While the music is big and bold and in stark contrast to the refined beauty of the band’s last three albums, the album has a link with themes the band have explored throughout their career. It’s an album that pushes towards the future but is informed by the past: “There’s definitely a line you can draw between the albums,” says Tom. We’ve always spoken about macho fallibility and feminist thought. ‘Boy King’ is about macho performance to disguise weakness. It’s going right back to our debut ‘Limbo Panto’ really. I think a lot of themes on this record are about male performance, stupidity and hurting people and not caring. It is consistent with what we’ve done before but we’re doing it in a much more obvious and upfront way. That suits what we’re doing musically, it’s a lot more brash and forward.”


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The album is also a response to a change of circumstances within the personal lives of the band members and a reaction against getting older: “Not to get too heavy or too personal,” says Tom.  “But we’ve all had some difficult adult stuff to deal with since the last record where life gets a bit more real as you start to get past 30. Things have heavier consequences and you have to face more things. The outcome of that is that you give much less of a fuck.”


When you give yourself in to doing what you want to do rather than what people expect suddenly life becomes much easier or, as Tom puts it: “We felt an unburdening of insecurities. If we’re going to do this then let’s just do it.” ‘Boy King’ is about trying to tear down the reputation Wild Beasts have gained: “We felt frustrated at being typecast as a clever band or an art band, not because we don’t want to be clever or arty but because those connotations can be quite negative and it puts you in a certain box.”


Lyrically the album takes Wild Beasts’ obsession with sex and desire to new-found extremes, led by the astounding voice and rich imagination of co-vocalist Hayden Thorpe. “There’s lots of sex but there’s no love on this record,” says Tom. “It’s quite nihilistic.” The interplay between the two singers provided the opportunity for the band to inspire each other during the recording process. “I see this as something of a sunset strip record, a smooth processed rock record,” he says. “There’s sequenced synths, big drums and distorted guitars. This shit-storm going on while Hayden is crooning about his pain. That’s the sound. There was a one-upmanship between us all. The more ridiculous it got, the better it felt. We were trying to invert those rock’n’roll tropes.”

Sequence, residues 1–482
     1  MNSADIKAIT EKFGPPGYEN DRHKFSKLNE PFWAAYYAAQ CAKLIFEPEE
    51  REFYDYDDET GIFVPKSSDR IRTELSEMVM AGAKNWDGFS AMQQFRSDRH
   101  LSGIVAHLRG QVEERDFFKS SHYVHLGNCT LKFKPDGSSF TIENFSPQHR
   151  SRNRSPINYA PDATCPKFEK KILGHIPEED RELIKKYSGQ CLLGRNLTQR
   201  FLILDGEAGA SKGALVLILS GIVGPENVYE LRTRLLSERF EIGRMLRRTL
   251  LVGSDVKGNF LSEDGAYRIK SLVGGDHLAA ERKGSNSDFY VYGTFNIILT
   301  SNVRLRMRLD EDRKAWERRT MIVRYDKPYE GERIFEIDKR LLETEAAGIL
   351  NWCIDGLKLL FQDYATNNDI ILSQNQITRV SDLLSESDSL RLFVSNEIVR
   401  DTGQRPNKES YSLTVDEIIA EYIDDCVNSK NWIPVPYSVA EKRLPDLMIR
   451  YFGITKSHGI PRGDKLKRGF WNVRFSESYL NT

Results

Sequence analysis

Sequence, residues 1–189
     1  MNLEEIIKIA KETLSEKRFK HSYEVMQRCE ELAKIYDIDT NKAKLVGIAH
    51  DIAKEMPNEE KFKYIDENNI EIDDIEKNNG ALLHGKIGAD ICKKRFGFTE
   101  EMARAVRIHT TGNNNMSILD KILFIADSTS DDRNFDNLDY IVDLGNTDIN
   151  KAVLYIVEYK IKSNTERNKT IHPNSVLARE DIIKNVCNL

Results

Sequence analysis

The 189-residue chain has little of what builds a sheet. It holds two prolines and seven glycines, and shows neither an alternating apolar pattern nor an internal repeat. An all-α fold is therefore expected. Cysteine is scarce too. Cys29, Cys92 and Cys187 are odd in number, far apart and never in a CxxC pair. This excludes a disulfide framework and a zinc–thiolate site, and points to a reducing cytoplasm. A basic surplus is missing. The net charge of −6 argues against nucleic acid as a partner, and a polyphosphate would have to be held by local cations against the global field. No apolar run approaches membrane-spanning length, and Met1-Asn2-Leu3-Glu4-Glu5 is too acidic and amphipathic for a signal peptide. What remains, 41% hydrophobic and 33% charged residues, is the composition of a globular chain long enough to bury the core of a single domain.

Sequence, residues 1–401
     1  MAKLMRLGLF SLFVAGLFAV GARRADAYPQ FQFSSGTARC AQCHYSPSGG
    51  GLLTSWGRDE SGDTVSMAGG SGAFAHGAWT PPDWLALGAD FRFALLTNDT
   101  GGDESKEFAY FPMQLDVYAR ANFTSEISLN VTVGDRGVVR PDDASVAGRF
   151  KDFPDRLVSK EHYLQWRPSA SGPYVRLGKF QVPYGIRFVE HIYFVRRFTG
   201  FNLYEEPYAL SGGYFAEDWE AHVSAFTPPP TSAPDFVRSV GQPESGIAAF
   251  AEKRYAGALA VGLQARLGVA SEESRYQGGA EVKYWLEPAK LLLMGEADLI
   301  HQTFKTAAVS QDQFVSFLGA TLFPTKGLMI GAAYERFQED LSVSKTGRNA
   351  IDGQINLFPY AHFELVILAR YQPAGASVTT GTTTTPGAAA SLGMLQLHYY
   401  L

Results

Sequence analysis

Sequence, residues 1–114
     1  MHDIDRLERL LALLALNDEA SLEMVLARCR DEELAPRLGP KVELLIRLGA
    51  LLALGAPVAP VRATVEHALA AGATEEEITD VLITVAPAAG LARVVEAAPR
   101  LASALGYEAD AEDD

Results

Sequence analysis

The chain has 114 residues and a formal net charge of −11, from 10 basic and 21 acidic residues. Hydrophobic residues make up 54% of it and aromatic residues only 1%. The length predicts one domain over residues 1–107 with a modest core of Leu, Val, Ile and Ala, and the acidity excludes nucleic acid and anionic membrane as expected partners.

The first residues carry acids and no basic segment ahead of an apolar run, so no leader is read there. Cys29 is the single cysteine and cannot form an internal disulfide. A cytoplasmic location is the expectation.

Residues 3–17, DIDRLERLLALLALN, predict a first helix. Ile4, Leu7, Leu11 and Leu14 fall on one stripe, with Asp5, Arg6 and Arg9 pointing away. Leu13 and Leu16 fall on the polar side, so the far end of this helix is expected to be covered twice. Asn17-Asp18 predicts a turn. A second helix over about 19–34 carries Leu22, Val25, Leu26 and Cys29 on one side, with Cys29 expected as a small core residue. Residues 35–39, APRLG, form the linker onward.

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Perhaps the most exciting thing about ‘Boy King’ is the emergence of a brooding, sleazy but deeply addictive pop sound. Present on slinky, filmic grooves like ‘Big Cat’ or on the outlandish processed funk of lead single ‘Get My Bang’ the album flutters between styles and approaches effortlessly, a push-pull between the differing approaches of the band members: “Hayden wanted to make a soul record and I wanted to make a rock record,” says Tom. What they ended up with is an album that marks the start of a new phase for Wild Beasts and points a way forward for a hugely exciting future. “It’s energised and we feel that we’ve really cracked something open that’s got legs,” says Tom confidently. “It suggests things and this record suggests what we might do next. I can see there’s plenty of space here to run with.”


The band are in a combative mindset as they approach the album’s release. They know they’re onto something special despite the risk that some people might take their sordid songs of sex and grim despair the wrong way. “It’s always a risk that people don’t understand but you can’t concern yourself with that,” says Tom. “You don’t hear most people’s opinions. Whenever I think something has missed the mark I’m usually wrong and someone gets it.” “I’m quite prepared to be considered an arsehole,” he laughs. “That’s what you do when you put stuff out. We’re not trying to come over as nice people; we’re probably nicer than we come over. You have to be quite precise with your meanings but ultimately you throw it to the dogs when you put it out into the world.” “We’re not doing our jobs if it’s all comfort and cosy,” he adds.


The band’s fighting talk extends to their relationship with their peers and challengers to the British indie crown. Wild Beasts are ready for the fight and ready to enthral a new audience. “I do think there’s a lot of people out there who’ll enjoy this who have never heard of us,” says Tom excitedly. “I hope it is a short, sharp shock that will differentiate ourselves from the sea of British indie bands. I think it’s our best record and we’re really pushing at what we can do. We’ve redrawn the map for ourselves.”

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Wild Beasts' album 'Boy King' is out now. Taken from the August issue of Dork - order a copy now.